9. The sanction under the Act is not intended to be nor is an automatic formality and it is essential that the provisions in regard to sanction should be observed with complete strictness; Basdeo Agarwala v. King Emperor (1945) F.C.R. 93. The object of the provision for sanctions is that the authority giving the sanction should be able to consider for itself the evidence before it comes to a conclusion that the prosecution in the circumstances be sanctioned or forbidden. In Gokulchand Dwarkadas Morarka v. The King (1948) L.R. 75 I.A. 30 the Judicial Committee of the Privy Council also took a similar view when it observed :

'In their Lordships' view, to comply with the provisions of clause 23 it must be proved that the sanction was given in respect of the facts constituting the offence charged. It is plainly desirable that the facts should be referred to on the face of the sanction, but this is not essential, since clause 23 does not require the sanction to be in any particular form, nor even to be in writing. But if the facts constituting the offence charged are not shown on the face of the sanction, the prosecution must prove by extraneous evidence that those facts were placed before the sanctioning authority. The sanction to prosecute is an important matter; it constitutes a condition precedent to the institution of the prosecution and the Government have an absolute discretion to grant or withhold their sanction.'

10. It should be clear from the form of the sanction that the sanctioning authority considered the evidence before it and after a consideration of all the circumstances of the case sanctioned the prosecution, and therefore unless the matter can be proved by other evidence, in the sanction itself the facts should be referred to indicate that the sanctioning authority had applied its mind to the facts and circumstances of the case. In Yusofalli Mulla Noorbhoy v. The King (1949) L.R. 76 I.A. 158 it was held that a valid sanction on separate charges of hoarding and profiteering was essential to give the Court jurisdiction to try the charge. Without such sanction the prosecution would be a nullity and the trial without jurisdiction.

11. In the present case the sanction strictly construed indicates the consideration by the sanctioning authority of the facts relating to the receiving of the illegal gratification from Pal Singh and therefore the appellant could only be validly tried for that offence. The contention that a trial for two offences requiring sanction is wholly void, where the sanction is granted for one offence and not for the other, is in our opinion unsustainable. Section 6(1) of the Act bars the jurisdiction of the court to take cognizance of an offence for which previous sanction is required and has not been given. The prosecution for offence under s. 5(1)(d) therefore is not barred because the proceedings are not without previous sanction which was validly given for the offence of receiving a bribe from Pal Singh, but the offence of habitually receiving illegal gratification could not be taken cognizance of and the prosecution and trial for that offence was void for want of sanction which is a condition precedent for the courts taking cognizance of the offence alleged to be committed and therefore the High Court has rightly set aside the conviction for that offence. In Hori Ram Singh v. The Crown [1939] F.C.R. 159 the charges against a public servant were under Sections 409 and 477A, Indian Penal Code, one for dishonestly converting and misappropriating certain medicines entrusted to the public servant and the other for wilful omission with intent to defraud to record certain entries in the account books of the hospital where he was employed. Thus two distinct offences were committed in the course of the same transaction in which the one under s. 477A, Indian Penal Code, required sanction under s. 270(1) of the Government of India Act and the other under s. 409, Indian Penal Code, did not. But the bar to taking cognizance of the former offence was not considered a bar to the trial of an offence, for which no sanction was required and therefore the proceedings under s. 477A were quashed as being without jurisdiction but the proceedings under s. 409 Indian Penal Code were allowed to proceed. Similarly the Supreme Court in Basir-ul-Huq v. State of West Bengal [1953] S.C.R. 836 held s. 195, Criminal Procedure Code to be no bar to the trial for a distinct offence not requiring sanction although disclosed by the same facts if the offence is not included in the ambit of an offence requiring such sanction. The want of sanction for the offence or habitually accepting bribes therefore does not make the taking of cognizance of the offence of taking a bribe of Rs. 50 from Pal Singh void nor the trial for that offence illegal and the court a court without jurisdiction.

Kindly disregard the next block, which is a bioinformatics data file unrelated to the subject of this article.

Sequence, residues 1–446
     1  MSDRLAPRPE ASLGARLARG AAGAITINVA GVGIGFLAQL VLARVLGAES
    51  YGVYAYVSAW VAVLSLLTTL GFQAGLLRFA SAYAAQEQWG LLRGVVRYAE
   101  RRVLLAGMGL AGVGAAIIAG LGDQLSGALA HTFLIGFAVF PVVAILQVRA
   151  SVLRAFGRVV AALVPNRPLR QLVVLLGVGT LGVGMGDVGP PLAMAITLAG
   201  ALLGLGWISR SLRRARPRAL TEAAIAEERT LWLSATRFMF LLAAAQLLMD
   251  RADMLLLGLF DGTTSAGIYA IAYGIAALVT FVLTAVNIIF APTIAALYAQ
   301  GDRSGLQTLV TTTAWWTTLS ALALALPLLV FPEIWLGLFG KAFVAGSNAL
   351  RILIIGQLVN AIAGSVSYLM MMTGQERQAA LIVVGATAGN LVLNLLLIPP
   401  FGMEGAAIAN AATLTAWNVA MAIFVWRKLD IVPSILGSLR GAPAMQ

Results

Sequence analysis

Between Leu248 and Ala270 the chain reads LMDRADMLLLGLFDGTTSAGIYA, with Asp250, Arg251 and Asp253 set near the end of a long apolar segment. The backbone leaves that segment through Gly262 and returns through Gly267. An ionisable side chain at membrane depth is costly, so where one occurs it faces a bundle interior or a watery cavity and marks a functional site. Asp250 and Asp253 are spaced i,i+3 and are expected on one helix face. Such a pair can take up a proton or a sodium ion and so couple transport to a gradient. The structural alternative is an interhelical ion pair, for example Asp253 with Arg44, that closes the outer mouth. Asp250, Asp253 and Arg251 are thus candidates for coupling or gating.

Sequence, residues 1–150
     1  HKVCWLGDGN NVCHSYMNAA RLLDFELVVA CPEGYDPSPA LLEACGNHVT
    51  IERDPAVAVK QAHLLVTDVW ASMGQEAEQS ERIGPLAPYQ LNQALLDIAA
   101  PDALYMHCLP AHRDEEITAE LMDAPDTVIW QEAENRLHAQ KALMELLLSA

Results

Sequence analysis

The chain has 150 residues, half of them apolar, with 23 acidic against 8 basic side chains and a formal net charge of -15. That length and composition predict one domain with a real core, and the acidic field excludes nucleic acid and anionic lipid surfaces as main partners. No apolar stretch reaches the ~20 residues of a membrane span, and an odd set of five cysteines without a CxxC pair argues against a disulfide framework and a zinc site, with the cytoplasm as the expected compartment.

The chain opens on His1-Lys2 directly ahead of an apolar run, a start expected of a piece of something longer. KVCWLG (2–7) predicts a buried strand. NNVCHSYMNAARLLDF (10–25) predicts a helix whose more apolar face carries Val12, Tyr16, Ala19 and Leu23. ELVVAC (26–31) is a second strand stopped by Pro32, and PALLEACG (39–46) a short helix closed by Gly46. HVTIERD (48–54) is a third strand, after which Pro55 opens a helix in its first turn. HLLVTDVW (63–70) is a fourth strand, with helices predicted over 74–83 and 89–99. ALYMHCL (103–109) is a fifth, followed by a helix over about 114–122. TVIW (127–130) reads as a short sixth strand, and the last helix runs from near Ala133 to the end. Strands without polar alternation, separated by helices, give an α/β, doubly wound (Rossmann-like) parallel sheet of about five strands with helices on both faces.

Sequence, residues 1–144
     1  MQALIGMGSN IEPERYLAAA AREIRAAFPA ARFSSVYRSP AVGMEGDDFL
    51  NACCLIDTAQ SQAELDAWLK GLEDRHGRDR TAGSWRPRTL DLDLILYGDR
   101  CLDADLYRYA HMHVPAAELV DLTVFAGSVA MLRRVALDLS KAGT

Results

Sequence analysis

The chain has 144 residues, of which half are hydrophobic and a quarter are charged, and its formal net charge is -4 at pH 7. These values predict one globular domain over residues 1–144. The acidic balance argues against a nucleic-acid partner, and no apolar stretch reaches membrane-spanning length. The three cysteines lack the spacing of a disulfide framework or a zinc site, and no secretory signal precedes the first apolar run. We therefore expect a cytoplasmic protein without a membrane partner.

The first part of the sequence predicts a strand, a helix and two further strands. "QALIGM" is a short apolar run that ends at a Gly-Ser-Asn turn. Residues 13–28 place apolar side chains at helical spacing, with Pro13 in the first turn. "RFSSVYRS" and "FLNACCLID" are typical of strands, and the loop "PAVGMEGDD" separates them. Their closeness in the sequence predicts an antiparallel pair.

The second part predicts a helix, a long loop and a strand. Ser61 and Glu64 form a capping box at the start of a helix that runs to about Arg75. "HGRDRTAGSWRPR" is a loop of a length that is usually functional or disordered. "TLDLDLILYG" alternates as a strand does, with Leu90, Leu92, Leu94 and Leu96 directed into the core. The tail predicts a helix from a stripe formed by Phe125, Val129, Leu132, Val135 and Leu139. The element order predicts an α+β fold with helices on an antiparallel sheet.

12. The submission next raised is that the evidence in support of being habitually a receiver of bribes has caused serious prejudice to the defence of the appellant but no such prejudice has been shown nor does the judgment of the High Court which has proceeded on the evidence in support of the charge of Pal Singh's transaction, indicate the existence of any prejudice and there was nothing indicated before us leading to the conclusion of prejudice or to consequent failure of justice.

13. The High Court came to the conclusion that the trial for the offence of habitually accepting illegal gratification could not be validly tried and evidence led on that charge could not be considered but the conviction of receiving a bribe of Rs. 50 from Pal Singh is well founded and also that the appellant has not been prejudiced in the conduct of his defence.

14. No arguments were addressed to this court on the correctness of the finding of the High Court in regard to the conviction for receiving illegal gratification from Pal Singh. We agree with the opinion of the High Court that the offence under s. 5(1)(d) of receiving illegal bribe of Rs. 50 has been made out and would therefore dismiss this appeal.

15. Appeal dismissed.